There are so many things I enjoy. I love to learn from how others see business and the world. It inspires me. I meet incredible people of all ages, industries, and backgrounds. It’s incredibly heart-warming.
Sometimes, people tell me that they read something I wrote or heard me say something during an event that gave them the confidence to change their lives. I find that incredibly beautiful.
Who are the women who have inspired you?
For sure, my mother, in a strange way. I had a complicated relationship with her, especially as a kid. She was hard on me. But it kept my feet on the ground, even though I still had my head in the clouds! I have to be thankful for that.
Besides her, several women have opened doors within me through their words and actions, and I could get to know myself much better thanks to them.
Can you share something that opened a door within you?
Often, circumstances in your business or private life make you act strange because you have to carry a heavy burden. This creates a situation where you cannot show yourself as the gentle, charming, and relaxed person that you would like to be. But we must be kinder to ourselves and others when we behave this way. If you don’t have the talent to forgive yourself and others, I don’t think you will be happy.
What advice would you give women who aspire to lead?
There are three things you need.
You need people around you who are diverse because that can inspire you. If you only have people who have the same opinion, background, age, and lifestyle as you, you might end up in a bubble, an echo chamber with “more of the same” instead of “new and exciting”.
The second thing you need is a soul tribe – a core team of people you can trust always to be honest with you. This can be within your company, group of friends or even family. The more successful you get, the harder it is to find these people.
And the third thing is to create a financially independent lifestyle – have your own money because you never know what will happen in your life.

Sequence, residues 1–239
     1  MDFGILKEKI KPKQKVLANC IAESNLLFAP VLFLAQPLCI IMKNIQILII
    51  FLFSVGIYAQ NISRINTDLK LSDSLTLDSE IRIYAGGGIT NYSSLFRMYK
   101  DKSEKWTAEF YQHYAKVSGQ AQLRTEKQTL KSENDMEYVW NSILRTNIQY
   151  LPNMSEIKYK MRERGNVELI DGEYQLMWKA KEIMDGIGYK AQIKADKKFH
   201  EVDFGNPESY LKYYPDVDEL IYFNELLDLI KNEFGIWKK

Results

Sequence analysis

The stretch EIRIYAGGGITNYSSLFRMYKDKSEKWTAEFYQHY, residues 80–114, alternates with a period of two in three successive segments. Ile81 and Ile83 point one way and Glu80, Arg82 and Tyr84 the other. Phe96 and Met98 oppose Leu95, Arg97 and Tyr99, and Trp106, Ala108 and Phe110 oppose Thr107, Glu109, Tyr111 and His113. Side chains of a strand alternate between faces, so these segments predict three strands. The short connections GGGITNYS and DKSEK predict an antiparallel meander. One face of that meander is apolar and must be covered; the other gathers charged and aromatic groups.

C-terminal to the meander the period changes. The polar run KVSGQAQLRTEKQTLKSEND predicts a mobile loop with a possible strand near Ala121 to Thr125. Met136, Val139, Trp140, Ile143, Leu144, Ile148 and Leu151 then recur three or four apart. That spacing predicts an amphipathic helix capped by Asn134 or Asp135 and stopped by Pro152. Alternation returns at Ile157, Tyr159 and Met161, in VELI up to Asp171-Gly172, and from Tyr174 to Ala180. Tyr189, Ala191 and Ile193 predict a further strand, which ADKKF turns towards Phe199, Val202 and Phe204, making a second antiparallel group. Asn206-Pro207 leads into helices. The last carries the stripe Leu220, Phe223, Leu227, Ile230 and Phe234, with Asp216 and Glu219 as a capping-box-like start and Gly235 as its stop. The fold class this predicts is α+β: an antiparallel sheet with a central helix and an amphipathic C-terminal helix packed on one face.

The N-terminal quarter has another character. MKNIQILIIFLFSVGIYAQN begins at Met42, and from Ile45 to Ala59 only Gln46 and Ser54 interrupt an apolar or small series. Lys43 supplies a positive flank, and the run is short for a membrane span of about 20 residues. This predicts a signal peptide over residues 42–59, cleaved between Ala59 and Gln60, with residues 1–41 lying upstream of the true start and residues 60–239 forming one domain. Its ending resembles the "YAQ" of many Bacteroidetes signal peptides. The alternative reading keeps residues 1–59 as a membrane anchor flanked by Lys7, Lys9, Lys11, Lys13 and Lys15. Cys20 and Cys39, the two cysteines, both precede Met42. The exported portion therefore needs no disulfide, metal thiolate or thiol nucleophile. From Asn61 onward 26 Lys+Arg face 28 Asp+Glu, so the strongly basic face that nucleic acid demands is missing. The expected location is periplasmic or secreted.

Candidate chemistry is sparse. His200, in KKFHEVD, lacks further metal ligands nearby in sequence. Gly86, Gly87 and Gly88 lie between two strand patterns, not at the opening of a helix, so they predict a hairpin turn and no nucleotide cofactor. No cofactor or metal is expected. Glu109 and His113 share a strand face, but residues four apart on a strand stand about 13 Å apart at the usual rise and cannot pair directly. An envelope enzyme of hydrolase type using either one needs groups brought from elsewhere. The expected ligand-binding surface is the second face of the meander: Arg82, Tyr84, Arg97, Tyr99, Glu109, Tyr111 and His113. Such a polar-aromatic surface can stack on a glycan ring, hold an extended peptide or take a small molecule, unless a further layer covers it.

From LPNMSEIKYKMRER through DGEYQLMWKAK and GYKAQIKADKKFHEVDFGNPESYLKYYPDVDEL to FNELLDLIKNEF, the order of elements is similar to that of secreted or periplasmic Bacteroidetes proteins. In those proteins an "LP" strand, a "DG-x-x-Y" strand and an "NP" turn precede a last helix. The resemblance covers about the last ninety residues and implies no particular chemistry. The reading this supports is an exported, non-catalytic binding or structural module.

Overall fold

Your LinkedIn says that you are “The Queen of Networking,” What’s the secret behind your excellent networking skills?
I’m an extrovert. I love to talk to people, and I’m super curious by default, so there’s no secret, really. But to establish a successful network, you need to see your skills in your community as a service. You also need to add value to your community, which means that you need to invest in the community and not only see people as tools to get something you want.
It’s not, “I do something for you. You do something for me.” It’s not tit for tat – a network is kind of a mother tree, a soul tribe. I think successful networking is much more than that. It takes time and trust. And you should always ask others: What can I do for you?
Coming back to the financial side of things, what is your relationship with money?
I’m careful with money because I didn’t grow up with much of it. If you don’t have a lot, you are cautious about spending what you have, right?
For me, money is like a boomerang. You have to throw it away so that it comes back to you. And whenever I spend money, I say, “Bye-bye” and tell the money that I spent, “Come back with your friends, please.”
And may I add something here as well: Money is just another form of energy. And you need to love it. Because with love, you attract things to come into your life, right?
And one final question: how do you define wealth beyond money?
I think wealth doesn’t have anything to do with money because you can feel wealthy with a happy life. It could be because of your family, your lovely little flat, or even the hobbies you love.
I think this feeling of “I have abundance, and I feel that abundance” in my chest has nothing to do with money per se. Everyone can have that. If you can only smile when you get married or get your first diamond ring or the first million in your bank account, then you probably won’t smile much in life. You must allow yourself to be happy with the little things. Then, you’ll smile a lot more. That’s how I see it. That’s my wealth beyond money.
Thank you for your time and energy, Stella!
Meet another trailblazing woman who dared to lead: Alisée de Tonnac, co-founder of Seedstars. Dive into our exclusive interview to uncover her journey as a Forbes 30 under 30 Social Entrepreneur.